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Blood transfusion apparatus, United Kingdom, 1914-1918 Wellcome Images
Blood transfusion apparatus, United Kingdom, 1914-1918

Lead Researchers: Helen Campbell & Sarah Wordsworth

HERC has a portfolio of research in the area of blood transfusion with several large projects evaluating transfusion policies across a range of specialities including cardiac surgery, intensive care, haematological malignancies, and upper gastrointestinal bleeding.

Since the first transfusion of human blood by Dr James Blundell in 1818, the science of transfusion has advanced rapidly.  Whilst recently much work has been concerned with safety screening and treatment of blood during its processing, far less research had focussed upon the effective and appropriate use of blood products in routine clinical practice.  As blood is a scarce and costly resource, and is associated with benefits as well as risks for the patient, assessing the cost-effectiveness of alternative transfusion policies is paramount.

Amongst the studies HERC is currently involved with is the UK arm of the Age of Blood Evaluation Study (ABLE), run by Professor Tim Walsh at the Royal Infirmary of Edinburgh and funded by the NIHR Health Technology Assessment Programme.  ABLE is an international trial comparing fresher versus standard issue red blood cells in critically ill patients.  It is anticipated that transfusing fresher blood (less than seven days old) may be more effective and cost-effective than standard issue blood (stored for an average of 18 to 21 days) which is thought to have reduced oxygen carrying capabilities and increased pro-inflammatory properties leading to adverse clinical outcomes for patients.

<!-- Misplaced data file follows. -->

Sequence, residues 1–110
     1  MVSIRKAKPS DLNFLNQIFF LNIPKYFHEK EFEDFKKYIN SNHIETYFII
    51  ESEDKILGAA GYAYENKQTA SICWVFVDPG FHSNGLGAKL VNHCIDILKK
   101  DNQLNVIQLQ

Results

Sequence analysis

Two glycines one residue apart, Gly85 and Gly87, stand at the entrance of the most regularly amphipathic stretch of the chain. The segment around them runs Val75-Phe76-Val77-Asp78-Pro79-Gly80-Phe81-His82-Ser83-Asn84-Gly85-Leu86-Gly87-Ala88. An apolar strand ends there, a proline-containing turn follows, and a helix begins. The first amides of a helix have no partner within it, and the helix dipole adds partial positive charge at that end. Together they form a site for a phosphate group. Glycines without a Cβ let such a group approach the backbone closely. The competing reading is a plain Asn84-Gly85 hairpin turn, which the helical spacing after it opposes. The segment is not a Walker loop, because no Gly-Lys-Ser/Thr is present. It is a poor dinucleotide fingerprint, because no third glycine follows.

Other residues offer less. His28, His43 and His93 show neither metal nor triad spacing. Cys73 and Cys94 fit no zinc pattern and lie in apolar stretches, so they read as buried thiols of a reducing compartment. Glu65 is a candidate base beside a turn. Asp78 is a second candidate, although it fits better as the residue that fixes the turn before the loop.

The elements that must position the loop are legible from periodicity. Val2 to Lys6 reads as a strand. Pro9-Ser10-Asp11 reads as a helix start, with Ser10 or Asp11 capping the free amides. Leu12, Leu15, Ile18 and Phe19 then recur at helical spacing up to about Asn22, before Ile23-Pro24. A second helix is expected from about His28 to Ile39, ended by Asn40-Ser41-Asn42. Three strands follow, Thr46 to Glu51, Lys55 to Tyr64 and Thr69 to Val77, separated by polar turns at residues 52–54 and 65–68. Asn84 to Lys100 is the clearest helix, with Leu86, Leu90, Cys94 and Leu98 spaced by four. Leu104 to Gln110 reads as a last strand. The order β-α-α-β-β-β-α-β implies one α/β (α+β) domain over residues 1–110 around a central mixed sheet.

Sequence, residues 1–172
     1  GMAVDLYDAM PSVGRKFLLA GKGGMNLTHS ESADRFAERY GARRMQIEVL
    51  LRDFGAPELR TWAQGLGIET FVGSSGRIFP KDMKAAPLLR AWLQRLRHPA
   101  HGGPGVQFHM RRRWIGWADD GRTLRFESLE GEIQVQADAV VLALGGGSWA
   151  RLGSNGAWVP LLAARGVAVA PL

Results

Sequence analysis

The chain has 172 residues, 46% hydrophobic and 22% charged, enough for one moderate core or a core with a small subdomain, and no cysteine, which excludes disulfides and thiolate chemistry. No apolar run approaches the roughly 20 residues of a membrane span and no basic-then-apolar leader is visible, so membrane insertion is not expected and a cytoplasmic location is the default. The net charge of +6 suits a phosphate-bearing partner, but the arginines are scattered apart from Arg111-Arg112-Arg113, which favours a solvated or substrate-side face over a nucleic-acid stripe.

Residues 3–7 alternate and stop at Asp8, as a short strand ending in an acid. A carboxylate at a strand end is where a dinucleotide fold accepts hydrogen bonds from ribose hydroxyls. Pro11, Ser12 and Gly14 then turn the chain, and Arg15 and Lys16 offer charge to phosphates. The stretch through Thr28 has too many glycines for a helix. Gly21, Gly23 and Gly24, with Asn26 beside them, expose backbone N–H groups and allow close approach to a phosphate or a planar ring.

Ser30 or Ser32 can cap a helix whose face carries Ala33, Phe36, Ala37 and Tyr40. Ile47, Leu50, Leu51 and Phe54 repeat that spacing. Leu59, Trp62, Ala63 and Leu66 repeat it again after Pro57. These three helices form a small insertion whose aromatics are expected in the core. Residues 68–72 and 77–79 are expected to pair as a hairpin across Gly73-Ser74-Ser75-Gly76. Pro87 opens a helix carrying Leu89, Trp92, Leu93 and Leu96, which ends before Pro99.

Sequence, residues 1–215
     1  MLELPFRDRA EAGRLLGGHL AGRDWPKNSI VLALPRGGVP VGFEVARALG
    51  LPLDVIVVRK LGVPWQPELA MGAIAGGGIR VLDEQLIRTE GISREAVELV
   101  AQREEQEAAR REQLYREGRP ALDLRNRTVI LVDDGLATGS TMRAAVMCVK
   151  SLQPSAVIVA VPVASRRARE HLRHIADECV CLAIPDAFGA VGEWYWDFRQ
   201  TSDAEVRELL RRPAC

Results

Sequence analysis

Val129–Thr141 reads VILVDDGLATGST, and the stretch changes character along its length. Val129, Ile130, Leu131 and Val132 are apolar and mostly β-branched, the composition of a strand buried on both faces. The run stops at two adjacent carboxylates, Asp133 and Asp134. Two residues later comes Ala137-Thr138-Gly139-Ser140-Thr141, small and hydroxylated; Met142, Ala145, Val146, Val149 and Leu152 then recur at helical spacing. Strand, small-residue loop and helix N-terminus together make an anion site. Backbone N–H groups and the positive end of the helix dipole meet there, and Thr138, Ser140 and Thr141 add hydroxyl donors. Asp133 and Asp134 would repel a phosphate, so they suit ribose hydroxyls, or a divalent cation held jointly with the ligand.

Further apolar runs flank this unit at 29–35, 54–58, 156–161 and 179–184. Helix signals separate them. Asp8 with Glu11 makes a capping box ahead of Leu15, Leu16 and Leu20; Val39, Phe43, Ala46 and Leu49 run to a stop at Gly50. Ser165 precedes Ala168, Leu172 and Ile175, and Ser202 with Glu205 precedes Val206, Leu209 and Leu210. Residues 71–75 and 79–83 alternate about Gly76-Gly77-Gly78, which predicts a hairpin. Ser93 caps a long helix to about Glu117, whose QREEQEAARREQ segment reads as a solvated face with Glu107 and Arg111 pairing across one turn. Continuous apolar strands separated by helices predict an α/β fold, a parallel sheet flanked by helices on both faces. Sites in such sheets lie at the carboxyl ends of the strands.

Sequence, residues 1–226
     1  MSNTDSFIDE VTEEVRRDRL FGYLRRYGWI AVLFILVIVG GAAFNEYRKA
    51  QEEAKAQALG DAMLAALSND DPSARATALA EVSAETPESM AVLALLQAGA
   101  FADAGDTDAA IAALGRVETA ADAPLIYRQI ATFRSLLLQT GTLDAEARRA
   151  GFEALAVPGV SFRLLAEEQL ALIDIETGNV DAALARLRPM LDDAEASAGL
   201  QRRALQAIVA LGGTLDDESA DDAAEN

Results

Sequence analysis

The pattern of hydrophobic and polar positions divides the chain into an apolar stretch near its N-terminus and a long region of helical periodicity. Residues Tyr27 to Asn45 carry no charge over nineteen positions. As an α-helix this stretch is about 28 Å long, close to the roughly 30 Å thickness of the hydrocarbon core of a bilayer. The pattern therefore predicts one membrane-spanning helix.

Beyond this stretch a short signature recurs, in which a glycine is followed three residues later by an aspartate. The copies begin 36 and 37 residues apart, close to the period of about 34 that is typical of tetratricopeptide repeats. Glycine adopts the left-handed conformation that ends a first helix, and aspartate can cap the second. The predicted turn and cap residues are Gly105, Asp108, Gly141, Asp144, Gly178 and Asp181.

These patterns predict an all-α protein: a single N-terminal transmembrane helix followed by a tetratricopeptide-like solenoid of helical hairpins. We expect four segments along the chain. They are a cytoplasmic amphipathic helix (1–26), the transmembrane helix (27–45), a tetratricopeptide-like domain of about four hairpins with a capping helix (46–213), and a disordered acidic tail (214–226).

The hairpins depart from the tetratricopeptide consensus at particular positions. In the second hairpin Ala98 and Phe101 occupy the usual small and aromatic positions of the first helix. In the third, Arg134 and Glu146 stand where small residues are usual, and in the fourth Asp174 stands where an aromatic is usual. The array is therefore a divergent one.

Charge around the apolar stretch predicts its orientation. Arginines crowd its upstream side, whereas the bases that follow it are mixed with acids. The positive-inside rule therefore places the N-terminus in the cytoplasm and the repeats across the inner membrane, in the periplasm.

The trauma-induced coagulopathy programme of work being carried out in collaboration with Professor Karim Brohi at the Royal London Hospital and Dr Simon Stanworth at NHS Blood and Transplant/John Radcliffe Hospital in Oxford is funded through an NIHR Applied Research Programme grant.  The programme has a number of aims, including the estimation of the national costs associated with massive transfusion in trauma patients, and modelling the cost-effectiveness of a new bedside test for rapid identification of trauma patients with blood clotting abnormalities (coagulopathy).

The TITRe2 multi-centre trial, being conducted in collaboration with Professors Gavin Murphy at the University of Leicester and Barney Reeves at the University of Bristol, is funded by the NIHR Health Technology Assessment programme and aims to evaluate the effectiveness and cost-effectiveness of the use of lower (restrictive) versus higher (liberal) haemoglobin levels to ‘trigger’ the administration of a transfusion in patients following cardiac surgery.  It is anticipated, that as shown in other medical fields, the use of a more restrictive threshold may reduce complications and blood use, without any adverse implications for patients.

Together these studies and the others which make up HERC’s portfolio of research in the field of blood transfusion are generating evidence to help inform cost-effective blood transfusion in routine clinical practice. 

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